Audubon Marries Art and Science at the New York Historical Society

Sotheby's
Mar 15, 2013 3:03PM

By Ted Loos

It’s rare and thrilling when science and art are one. Think of Leonardo da Vinci’s anatomical drawings—not only are they beautiful, but they contributed immeasurably to science. Just by looking and drawing, he furthered the world’s knowledge of the human body.

Certainly the work of John James Audubon, the great 19th-century naturalist and artist, is in the same category. Now the New-York Historical Society is beginning a three-year homage to Audubon’s legendary The Birds of America, to celebrate the 150th anniversary of its of acquisition of all 474 exquisite watercolors. First up of three shows is “Audubon’s Aviary: Part I of the Complete Flock,” open through 19 May.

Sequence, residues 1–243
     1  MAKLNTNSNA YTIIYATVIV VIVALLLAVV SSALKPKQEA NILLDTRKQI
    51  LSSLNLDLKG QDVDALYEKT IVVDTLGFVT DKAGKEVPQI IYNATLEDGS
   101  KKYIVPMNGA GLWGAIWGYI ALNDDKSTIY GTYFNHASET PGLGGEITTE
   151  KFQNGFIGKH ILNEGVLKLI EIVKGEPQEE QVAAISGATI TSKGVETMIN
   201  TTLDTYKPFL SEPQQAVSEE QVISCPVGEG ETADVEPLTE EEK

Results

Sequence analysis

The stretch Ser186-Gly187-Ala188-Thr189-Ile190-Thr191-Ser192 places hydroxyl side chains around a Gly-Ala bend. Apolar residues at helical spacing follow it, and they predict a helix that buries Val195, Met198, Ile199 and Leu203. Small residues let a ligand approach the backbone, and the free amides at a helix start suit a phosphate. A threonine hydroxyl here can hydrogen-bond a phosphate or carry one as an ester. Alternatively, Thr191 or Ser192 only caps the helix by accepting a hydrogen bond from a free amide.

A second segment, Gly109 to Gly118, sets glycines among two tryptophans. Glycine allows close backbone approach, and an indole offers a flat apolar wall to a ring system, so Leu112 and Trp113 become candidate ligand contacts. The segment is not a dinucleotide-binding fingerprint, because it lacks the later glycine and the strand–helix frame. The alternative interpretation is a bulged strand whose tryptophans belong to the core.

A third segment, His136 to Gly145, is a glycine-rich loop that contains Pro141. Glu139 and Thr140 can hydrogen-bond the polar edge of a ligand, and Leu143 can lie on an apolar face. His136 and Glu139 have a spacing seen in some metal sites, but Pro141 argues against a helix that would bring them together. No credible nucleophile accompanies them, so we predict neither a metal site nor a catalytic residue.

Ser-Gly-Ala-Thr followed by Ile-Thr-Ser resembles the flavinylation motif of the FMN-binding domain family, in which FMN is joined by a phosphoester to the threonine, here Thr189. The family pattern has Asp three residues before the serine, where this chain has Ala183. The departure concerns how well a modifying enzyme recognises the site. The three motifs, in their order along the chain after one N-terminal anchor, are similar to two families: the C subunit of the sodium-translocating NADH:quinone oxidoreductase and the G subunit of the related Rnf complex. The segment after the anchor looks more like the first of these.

Continue reading

Ted Loos writes on wine, art and architecture for a variety of publications, including The New York Times, Vogue and Epicurious.com. You can follow him on Twitter at @LoosLips.

Sotheby's
Get the Artsy app
Download on the App StoreGet it on Google Play
Jenna Gribbon, Luncheon on the grass, a recurring dream, 2020. Jenna Gribbon, April studio, parting glance, 2021. Jenna Gribbon, Silver Tongue, 2019